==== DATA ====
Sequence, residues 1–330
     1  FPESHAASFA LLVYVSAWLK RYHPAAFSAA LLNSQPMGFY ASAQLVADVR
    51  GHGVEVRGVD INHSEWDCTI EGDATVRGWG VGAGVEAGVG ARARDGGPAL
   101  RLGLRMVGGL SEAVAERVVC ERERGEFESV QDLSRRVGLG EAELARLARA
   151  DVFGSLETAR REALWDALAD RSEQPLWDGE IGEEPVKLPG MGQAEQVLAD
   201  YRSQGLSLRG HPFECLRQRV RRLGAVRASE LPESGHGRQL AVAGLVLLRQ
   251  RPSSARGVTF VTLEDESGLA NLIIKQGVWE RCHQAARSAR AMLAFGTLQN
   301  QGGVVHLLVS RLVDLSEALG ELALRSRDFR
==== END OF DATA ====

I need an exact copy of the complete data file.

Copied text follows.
Sequence, residues 1–330
     1  FPESHAASFA LLVYVSAWLK RYHPAAFSAA LLNSQPMGFY ASAQLVADVR
    51  GHGVEVRGVD INHSEWDCTI EGDATVRGWG VGAGVEAGVG ARARDGGPAL
   101  RLGLRMVGGL SEAVAERVVC ERERGEFESV QDLSRRVGLG EAELARLARA
   151  DVFGSLETAR REALWDALAD RSEQPLWDGE IGEEPVKLPG MGQAEQVLAD
   201  YRSQGLSLRG HPFECLRQRV RRLGAVRASE LPESGHGRQL AVAGLVLLRQ
   251  RPSSARGVTF VTLEDESGLA NLIIKQGVWE RCHQAARSAR AMLAFGTLQN
   301  QGGVVHLLVS RLVDLSEALG ELALRSRDFR